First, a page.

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People v. Malouff Jr.

No. 24PDJ014. 3/8/2024. Stipulation to Discipline.

April 7, 2024

The Presiding Disciplinary Judge approved the parties’ amended stipulation to discipline and suspended Phillip F. Malouff Jr. (attorney registration number 09076) for six months, all to be stayed pending Malouff’s successful completion of a one-year period of probation, with conditions. The probation took effect on March 8, 2024.

Malouff is a solo practitioner in La Junta. In July 2022, a client contacted Malouff to represent her in a quiet title action so she could sell a parcel of real estate. Malouff’s fee agreement called for a prepaid retainer of attorney fees but also provided that Malouff would collect the retainer from proceeds of the property’s sale. It further stated that any past-due fees, costs, and charges would be secured by a lien against all assets of the client, including real property protected from adverse claims. The client never paid the retainer or any fees, and Malouff never attempted to enforce a lien. Malouff has since removed the “lien” language from his standard fee agreement.

Malouff prepared and mailed a draft complaint to the client, who was out of state. The client reviewed and signed the complaint but did not notarize it. She then mailed it back to Malouff. At the time, Malouff was also a notary public in Colorado. After reviewing the complaint with the client by telephone, he asked whether he could notarize it for her. But he was not legally allowed to notarize documents remotely outside the signer’s presence, and he did not comply with the remote notary provisions applicable in Colorado. Even so, the client agreed, and Malouff notarized the document with the statement, “Subscribed and sworn to before me in the County of Otero, State of Colorado, this 27th day of July, 2022.” Malouff then filed the complaint.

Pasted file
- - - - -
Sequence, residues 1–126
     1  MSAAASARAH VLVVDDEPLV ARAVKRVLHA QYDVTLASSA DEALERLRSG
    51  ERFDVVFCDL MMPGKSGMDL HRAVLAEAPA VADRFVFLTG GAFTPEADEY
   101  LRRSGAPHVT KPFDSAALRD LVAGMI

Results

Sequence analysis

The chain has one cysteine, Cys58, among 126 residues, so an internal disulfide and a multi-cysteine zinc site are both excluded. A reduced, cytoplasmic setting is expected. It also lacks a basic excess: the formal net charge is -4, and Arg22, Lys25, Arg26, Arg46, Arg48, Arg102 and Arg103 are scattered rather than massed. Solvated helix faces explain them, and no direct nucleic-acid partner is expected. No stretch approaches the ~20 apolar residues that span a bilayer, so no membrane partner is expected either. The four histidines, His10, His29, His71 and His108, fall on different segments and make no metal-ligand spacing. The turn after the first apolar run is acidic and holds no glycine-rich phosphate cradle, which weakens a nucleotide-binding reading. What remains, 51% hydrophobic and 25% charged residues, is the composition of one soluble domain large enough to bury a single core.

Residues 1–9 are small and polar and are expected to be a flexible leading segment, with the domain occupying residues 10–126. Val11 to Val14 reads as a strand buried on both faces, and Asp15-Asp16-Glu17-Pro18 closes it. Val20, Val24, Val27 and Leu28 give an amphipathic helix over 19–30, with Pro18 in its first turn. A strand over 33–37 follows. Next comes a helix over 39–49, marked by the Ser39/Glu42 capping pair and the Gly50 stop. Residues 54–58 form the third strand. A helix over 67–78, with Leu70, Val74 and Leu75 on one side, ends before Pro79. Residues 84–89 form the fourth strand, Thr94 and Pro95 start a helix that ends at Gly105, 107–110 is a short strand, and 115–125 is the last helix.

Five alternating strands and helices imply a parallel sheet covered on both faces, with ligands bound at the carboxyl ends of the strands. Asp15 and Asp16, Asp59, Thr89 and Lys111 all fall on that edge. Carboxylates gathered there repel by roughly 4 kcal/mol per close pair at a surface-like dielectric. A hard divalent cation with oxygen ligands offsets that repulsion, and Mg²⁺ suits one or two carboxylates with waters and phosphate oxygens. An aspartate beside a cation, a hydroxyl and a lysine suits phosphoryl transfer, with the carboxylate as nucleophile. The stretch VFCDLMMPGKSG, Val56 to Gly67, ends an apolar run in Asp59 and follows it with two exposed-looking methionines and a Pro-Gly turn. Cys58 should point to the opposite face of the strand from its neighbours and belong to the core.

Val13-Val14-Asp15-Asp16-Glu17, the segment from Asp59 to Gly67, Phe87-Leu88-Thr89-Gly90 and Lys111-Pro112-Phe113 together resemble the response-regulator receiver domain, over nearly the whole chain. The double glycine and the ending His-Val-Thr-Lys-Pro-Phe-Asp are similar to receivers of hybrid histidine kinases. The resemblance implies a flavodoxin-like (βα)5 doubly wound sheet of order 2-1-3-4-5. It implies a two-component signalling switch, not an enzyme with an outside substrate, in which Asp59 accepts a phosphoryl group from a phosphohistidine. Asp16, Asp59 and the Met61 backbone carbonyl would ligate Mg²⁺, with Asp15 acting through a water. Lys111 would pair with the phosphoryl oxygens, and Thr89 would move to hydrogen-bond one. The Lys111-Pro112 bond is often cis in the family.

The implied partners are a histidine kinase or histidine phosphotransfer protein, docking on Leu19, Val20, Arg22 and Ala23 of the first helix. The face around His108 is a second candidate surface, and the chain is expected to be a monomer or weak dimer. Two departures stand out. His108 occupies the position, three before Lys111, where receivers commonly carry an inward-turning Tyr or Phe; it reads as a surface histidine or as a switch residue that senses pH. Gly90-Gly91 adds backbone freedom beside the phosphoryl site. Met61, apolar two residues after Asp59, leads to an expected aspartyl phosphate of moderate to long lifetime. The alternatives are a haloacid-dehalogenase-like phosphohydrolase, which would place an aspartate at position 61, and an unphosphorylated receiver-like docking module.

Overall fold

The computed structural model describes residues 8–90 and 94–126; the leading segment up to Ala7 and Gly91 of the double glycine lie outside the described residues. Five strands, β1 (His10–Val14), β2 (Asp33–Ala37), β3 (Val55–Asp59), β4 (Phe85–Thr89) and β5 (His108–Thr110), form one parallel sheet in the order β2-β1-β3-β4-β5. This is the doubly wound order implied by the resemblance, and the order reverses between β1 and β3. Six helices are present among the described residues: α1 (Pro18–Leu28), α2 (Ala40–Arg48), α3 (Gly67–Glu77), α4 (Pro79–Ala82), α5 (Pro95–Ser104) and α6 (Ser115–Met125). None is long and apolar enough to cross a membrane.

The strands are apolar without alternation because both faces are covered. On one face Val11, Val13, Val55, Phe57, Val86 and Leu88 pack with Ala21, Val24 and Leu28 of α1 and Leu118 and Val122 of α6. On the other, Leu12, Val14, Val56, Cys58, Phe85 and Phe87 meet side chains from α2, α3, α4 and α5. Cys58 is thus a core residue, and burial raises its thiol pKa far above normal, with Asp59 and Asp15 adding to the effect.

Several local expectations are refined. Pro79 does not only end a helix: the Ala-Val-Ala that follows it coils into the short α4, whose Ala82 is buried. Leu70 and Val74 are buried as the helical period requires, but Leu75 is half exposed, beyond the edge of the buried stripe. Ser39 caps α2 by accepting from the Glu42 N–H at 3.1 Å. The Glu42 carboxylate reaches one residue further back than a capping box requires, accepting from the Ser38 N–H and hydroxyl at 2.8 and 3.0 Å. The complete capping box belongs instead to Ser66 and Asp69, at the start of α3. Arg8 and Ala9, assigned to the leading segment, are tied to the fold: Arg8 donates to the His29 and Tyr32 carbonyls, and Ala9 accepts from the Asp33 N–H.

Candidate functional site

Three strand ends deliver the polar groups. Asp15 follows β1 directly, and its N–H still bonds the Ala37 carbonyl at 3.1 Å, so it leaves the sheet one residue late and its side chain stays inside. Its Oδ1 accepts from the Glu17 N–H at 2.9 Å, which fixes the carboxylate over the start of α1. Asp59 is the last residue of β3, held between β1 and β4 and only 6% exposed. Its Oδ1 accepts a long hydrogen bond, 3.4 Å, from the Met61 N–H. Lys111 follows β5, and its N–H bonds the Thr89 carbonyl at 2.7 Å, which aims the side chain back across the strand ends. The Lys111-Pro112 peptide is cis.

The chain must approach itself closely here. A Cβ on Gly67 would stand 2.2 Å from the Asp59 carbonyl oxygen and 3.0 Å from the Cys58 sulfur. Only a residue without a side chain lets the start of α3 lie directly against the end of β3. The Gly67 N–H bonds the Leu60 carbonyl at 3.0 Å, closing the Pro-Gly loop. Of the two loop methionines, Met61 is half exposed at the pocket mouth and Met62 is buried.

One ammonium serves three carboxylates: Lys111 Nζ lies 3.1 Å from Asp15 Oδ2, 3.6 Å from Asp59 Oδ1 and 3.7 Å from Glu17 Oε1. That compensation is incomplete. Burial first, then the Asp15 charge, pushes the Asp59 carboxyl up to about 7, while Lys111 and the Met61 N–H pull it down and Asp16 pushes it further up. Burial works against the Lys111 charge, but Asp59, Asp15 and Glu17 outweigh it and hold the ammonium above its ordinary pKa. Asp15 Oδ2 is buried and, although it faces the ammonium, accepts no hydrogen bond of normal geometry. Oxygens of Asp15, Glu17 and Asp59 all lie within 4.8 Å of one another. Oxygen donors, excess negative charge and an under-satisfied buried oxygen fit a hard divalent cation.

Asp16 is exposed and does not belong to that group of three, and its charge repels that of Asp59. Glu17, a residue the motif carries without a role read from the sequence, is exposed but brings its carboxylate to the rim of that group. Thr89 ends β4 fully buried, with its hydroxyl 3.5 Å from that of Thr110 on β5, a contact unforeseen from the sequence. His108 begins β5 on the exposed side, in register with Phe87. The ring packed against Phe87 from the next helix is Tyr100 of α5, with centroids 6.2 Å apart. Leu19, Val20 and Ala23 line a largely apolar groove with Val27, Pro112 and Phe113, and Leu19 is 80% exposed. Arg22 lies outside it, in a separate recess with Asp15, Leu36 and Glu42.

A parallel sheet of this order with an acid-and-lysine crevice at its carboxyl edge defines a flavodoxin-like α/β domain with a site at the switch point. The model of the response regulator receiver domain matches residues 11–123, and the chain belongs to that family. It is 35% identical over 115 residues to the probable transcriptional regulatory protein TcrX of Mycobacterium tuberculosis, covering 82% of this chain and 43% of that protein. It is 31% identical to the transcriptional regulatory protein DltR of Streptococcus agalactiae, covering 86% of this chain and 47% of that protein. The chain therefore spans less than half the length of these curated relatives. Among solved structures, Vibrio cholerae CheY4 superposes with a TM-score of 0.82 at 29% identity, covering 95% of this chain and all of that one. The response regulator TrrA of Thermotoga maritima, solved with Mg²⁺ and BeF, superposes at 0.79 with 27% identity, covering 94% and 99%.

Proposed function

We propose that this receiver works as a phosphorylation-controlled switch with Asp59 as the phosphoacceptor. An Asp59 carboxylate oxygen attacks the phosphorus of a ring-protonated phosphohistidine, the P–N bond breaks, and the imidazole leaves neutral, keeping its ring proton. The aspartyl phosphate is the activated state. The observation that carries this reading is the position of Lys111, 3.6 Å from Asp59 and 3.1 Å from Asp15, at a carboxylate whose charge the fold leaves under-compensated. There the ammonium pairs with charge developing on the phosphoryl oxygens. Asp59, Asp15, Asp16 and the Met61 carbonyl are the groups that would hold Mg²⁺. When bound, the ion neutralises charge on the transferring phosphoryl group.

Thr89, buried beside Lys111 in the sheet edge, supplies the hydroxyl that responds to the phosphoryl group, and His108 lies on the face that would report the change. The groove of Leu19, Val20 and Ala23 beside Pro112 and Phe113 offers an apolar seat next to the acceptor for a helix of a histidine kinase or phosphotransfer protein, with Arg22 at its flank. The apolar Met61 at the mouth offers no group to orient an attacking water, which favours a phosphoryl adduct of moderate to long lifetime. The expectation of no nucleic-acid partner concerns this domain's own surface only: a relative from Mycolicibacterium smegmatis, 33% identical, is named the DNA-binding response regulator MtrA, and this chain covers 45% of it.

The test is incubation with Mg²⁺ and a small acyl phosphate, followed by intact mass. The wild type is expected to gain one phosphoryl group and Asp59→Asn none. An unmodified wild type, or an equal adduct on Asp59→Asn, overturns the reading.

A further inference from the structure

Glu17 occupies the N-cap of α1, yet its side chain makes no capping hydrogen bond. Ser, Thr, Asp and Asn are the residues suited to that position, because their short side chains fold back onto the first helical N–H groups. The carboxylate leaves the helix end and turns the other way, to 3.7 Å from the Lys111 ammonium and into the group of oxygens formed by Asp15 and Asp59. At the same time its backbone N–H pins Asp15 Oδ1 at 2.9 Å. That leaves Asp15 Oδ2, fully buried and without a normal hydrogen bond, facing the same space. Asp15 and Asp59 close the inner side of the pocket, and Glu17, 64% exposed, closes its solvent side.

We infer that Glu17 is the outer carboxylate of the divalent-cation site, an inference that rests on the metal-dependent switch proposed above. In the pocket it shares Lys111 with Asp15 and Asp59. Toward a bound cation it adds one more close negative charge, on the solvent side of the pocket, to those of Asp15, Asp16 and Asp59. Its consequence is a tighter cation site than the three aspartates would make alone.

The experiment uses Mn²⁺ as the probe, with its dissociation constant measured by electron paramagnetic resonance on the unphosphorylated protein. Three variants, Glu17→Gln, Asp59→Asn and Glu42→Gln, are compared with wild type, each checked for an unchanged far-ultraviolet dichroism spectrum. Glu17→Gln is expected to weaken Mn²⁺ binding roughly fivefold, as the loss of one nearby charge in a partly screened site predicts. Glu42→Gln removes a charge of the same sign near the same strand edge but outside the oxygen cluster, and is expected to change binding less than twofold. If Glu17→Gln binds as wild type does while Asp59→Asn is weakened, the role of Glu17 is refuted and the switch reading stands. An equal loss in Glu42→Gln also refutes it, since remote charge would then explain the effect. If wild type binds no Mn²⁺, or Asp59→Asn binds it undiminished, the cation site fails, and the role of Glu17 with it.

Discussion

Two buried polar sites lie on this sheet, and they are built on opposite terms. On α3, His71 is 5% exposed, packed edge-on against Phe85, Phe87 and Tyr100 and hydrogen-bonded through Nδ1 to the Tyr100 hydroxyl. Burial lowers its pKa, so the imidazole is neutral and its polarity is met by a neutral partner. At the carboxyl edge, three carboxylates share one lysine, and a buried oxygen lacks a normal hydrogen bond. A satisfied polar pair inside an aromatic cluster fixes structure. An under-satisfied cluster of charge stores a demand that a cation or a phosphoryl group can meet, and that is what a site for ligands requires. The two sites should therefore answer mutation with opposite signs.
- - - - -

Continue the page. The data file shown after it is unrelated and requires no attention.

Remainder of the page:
In an answer, the opposing party called into question whether Malouff properly notarized the complaint. The opposing party also filed a complaint with the Notary Division of the Colorado Secretary of State, which opened an investigation. Soon thereafter, Malouff and the client fell out of contact. Malouff filed a reply on the client’s behalf but then withdrew from the matter.

During the Secretary of State’s investigation, Malouff admitted that the client did not sign the complaint in his presence or in Otero County. He voluntary resigned his notary license and admitted to violating CRS § 24-21-506, which provides that the signer must appear personally; CRS § 24-21-519, for failing to use his “official signature”; and CRS § 24-21-504(2), which prohibits a notary from performing a notarial act concerning a record in which the notary has a disqualifying interest. Malouff also agreed to be precluded from any future commission as a Colorado notary public. His agreements brought the Secretary of State’s action to a close.

Through this conduct, Malouff violated Colo. RPC 1.8(a) (a lawyer must not enter into a business transaction with a client unless the client is advised to seek independent legal counsel and the client gives written informed consent to the transaction); Colo. RPC 3.3(a)(1) (a lawyer must not knowingly make a false statement of material fact or law to a tribunal); and Colo. RPC 8.4(c) (it is professional misconduct for a lawyer to engage in conduct involving dishonesty, fraud, deceit, or misrepresentation).

Official Office of the Presiding Disciplinary Judge proceedings can be found at the Office of the Presiding Disciplinary Judge website.

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